When last we left our unlikely protagonist … yours truly … he’d just walked into a small shoe shop in Burnaby, BC where he unashamedly proclaimed himself to be the representative of 30,000 human feet. He confidently stated that some of those feet needed shoes and he could bring them there.
The proprietor … both amused and bemused by this unorthodox introduction … reacted as any normal, level-headed businessmen would do, or for that matter probably as you and I would do … with a skeptical, yet tepidly hopeful “And just how do you propose to do that?”
A rational question deserving of a reasonable response.
But our worthy proprietor received a polite dodge, “Well, I’m not exactly sure yet, ’cause I don’t know enough about your business. How long you been in business?”
To understand how our hero navigated from his bold, positive, opening declaration into a closing the deal mode, we need to veer a little off our straight line narrative into the briefest of tutorials about salesmanship.
But have no fear, this class contains no confusing nomenclature, charts, statistical regressions or anything of the sort … just a few scraps of common sense is all.
Great salesmanship rests upon two foundation stones. They may appear to conflict with conventional wisdom, but if you look closer I think you’ll agree they make sense.
The first of these foundations is empathy, or the ability to put yourself in the other fellow’s shoes (pardon the shoe pun). A healthy dose of this vital elixir enables you to understand the motivations and needs of your prospective customer.
Without empathy a sales pitch (brief exposition of the benefits of a service or product, generally followed by an order for (known as a close) has about as of much of a chance succeeding as does a dart thrown in the dark.
The second of these foundations is listening. The everybody’s buddy types like Arthur Miller’s Willy Loman, who rely on connections and faux friendships; or the slick, fast talking used car salesmen of Cadillac Man may make great fiction, but not great salesmen.
What makes a great salesman? The insight and complete knowledge that selling is simply the language of questions.
With that belief and both feet firmly planted on selling’s foundation stones, that is provided the person can deal with uncertainties in life (e.g. blind optimists), you have the makings of a great salesman.
After all, the consummation of a sales presentation ultimately depends on the ability of the salesman to find out three essentials bits of information … what the prospective customer wants; what the customer needs; and what the customer can pay for.
Good questions will get the info quick.
Not just any questions though. Not those that can be answered with a simple yes or no … they’re closed questions. You want open questions … they’re the kind that take more than a monosyllabic grunt to answer.
If you think about it, it’s not much different than getting from Olympia, Washington to Sublimity, Oregon without a map. You have to ask questions to get from here to there!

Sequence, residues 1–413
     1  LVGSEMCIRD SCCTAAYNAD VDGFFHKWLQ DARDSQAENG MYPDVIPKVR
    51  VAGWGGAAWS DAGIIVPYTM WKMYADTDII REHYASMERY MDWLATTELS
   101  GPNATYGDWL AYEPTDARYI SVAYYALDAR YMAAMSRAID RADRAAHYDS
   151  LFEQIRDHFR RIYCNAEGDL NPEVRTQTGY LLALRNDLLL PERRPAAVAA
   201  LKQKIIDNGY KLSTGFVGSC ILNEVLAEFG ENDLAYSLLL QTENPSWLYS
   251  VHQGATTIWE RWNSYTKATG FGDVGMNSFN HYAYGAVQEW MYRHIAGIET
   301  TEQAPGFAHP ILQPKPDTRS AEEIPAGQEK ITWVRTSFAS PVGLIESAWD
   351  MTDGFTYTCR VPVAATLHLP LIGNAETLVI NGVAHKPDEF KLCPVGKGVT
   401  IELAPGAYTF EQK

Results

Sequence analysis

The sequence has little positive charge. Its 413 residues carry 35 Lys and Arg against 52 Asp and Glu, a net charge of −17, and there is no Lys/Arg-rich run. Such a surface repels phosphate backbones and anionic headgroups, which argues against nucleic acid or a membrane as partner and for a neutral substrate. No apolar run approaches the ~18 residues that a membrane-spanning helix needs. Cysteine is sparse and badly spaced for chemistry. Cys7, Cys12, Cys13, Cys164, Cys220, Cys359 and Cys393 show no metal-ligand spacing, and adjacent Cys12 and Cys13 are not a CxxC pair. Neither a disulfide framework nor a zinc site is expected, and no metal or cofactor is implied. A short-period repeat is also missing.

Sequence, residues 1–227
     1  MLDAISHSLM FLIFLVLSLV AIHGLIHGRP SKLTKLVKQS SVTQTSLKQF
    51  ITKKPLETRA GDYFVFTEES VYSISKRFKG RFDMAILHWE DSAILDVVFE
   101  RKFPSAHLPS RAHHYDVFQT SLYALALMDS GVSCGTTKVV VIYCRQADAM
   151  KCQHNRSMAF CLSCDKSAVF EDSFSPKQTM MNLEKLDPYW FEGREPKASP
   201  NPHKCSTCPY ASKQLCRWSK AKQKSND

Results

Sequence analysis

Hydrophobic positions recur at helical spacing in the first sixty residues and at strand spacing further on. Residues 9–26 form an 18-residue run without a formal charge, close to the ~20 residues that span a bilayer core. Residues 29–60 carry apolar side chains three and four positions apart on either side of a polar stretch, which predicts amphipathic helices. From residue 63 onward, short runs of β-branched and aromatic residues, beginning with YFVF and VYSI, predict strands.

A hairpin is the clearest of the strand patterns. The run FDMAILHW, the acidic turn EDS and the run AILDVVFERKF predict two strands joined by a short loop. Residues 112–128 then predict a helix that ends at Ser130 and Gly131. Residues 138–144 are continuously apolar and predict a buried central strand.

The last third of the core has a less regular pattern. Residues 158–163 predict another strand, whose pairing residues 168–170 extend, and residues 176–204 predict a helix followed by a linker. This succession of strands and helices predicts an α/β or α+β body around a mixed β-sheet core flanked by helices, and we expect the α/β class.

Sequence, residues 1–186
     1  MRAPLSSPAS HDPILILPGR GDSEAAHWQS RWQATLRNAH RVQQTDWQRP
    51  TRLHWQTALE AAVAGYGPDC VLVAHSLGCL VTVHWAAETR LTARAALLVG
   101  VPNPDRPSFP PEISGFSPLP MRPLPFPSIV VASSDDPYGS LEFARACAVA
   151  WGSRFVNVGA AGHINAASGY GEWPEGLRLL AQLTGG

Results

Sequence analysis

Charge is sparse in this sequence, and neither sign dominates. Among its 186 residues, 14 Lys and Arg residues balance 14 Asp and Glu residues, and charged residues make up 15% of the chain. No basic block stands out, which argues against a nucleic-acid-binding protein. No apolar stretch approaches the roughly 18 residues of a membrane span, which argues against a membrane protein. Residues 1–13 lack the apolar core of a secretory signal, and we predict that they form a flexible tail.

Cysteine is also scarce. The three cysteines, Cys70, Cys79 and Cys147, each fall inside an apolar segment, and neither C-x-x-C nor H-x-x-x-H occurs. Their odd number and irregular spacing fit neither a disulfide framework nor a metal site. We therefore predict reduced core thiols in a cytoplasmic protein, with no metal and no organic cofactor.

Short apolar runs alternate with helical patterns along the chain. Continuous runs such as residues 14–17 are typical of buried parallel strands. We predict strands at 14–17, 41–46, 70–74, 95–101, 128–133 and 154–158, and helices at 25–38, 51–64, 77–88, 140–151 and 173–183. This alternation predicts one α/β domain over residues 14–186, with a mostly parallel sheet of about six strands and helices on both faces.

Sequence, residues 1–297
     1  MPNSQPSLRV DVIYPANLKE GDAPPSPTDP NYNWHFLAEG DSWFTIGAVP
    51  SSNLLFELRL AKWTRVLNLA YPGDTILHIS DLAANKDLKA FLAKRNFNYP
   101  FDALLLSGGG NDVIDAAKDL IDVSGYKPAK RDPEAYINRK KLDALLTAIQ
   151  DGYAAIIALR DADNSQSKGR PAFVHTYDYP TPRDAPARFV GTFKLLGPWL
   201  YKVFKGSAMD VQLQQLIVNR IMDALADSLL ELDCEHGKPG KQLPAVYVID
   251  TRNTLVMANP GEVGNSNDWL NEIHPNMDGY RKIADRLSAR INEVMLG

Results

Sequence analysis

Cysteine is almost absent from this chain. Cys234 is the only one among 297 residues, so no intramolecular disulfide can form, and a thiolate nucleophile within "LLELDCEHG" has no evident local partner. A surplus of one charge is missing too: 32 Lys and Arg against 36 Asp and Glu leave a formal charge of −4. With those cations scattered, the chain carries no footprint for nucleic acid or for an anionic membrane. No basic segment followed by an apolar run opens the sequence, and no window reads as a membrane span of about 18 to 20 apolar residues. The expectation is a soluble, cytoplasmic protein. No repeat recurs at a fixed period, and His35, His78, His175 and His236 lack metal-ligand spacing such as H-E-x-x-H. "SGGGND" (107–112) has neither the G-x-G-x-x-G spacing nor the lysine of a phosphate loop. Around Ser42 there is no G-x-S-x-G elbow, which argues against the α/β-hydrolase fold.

An invaluable ally will pop up in all of this … the human ego. There’s no subject we love to talk about more than we love to talk abolut ourselves. When you start asking someone about their opinions or businesses or hobbies, it soon becomes obvious the biggest problem you’ll have is how to stop them!
And as he reached this point, our young, blind optimist said to the old shoe salesman who’d been spilling his guts out for 10 minutes or more, “I’ve got it! I know how to get those feet to walk in feet here!”
“How?” the proprietor replied, failing to mask his enthusiasm … not a good negotiating tactic, but an understandable reaction. However he’d warmed up, and now that he’d sized up this young pup dressed up like an attorney, somewhere deep down inside he thought, “What the hell. But it could be he’s on to something here.”
You know, something almost magical has just happened. All of a sudden our salesman has become a possible solution to to the shore shop’s cash flow problems, or to overstock problems, or who knows what!
Our hero has transmuted from an unwelcome interruption into a solution. From an intruder into a potential ally.
“Oh. I couldn’t tell you how. We work with print, with the eyes. That’s all we’ve got.
I couldn’t possibly tell you. I’ll have to show you,” replies our dressed-for-success young man. “Tell you what. I’ll sketch something out to give you an idea. What time’s best for me to see you again, afternoons or mornings?”
Those of you savvy in the ways of salesmenship may have spotted a couple of tried and true sales techniques in these concluding remarks.
First, our man gave the prospect a choice between a yes and a yes (afternoons or mornings), not between a yes and a no. Second, by giving the shopkeeper the opportunity to chose the next meeting date, the prospect now has taken a tiny bit of responsibility for the sketch, not to mention the time and trouble of the return visit.
Some might even say that the prospect now feels a tiny bit obliged …
Does he close the deal? Find out in our next exciting episode of “Finding my way … The Burnaby Mirror, part 4, or DID OUR BOY CLOSE THE DEAL?
Disclaimer: this was a snapshot in time taken long ago. Today Burnaby is a thriving, integral part of the Lower Mainland, filled with commerce and gentle, loving inhabitants … who love hockey and beer!
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